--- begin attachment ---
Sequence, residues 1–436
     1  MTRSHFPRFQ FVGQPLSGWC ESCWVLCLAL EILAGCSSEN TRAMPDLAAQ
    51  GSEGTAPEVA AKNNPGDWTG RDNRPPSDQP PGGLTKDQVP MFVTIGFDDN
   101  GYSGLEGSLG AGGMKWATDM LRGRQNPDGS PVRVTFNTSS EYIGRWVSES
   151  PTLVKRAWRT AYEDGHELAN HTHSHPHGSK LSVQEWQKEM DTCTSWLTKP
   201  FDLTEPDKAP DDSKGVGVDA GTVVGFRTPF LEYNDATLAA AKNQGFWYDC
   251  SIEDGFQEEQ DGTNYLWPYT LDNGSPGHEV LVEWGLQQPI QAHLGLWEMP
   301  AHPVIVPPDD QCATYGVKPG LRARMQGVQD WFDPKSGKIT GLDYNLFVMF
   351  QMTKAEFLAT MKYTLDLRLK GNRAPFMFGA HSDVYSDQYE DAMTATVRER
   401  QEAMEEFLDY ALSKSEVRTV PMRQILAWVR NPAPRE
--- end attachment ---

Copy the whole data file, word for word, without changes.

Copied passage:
Sequence, residues 1–436
     1  MTRSHFPRFQ FVGQPLSGWC ESCWVLCLAL EILAGCSSEN TRAMPDLAAQ
    51  GSEGTAPEVA AKNNPGDWTG RDNRPPSDQP PGGLTKDQVP MFVTIGFDDN
   101  GYSGLEGSLG AGGMKWATDM LRGRQNPDGS PVRVTFNTSS EYIGRWVSES
   151  PTLVKRAWRT AYEDGHELAN HTHSHPHGSK LSVQEWQKEM DTCTSWLTKP
   201  FDLTEPDKAP DDSKGVGVDA GTVVGFRTPF LEYNDATLAA AKNQGFWYDC
   251  SIEDGFQEEQ DGTNYLWPYT LDNGSPGHEV LVEWGLQQPI QAHLGLWEMP
   301  AHPVIVPPDD QCATYGVKPG LRARMQGVQD WFDPKSGKIT GLDYNLFVMF
   351  QMTKAEFLAT MKYTLDLRLK GNRAPFMFGA HSDVYSDQYE DAMTATVRER
   401  QEAMEEFLDY ALSKSEVRTV PMRQILAWVR NPAPRE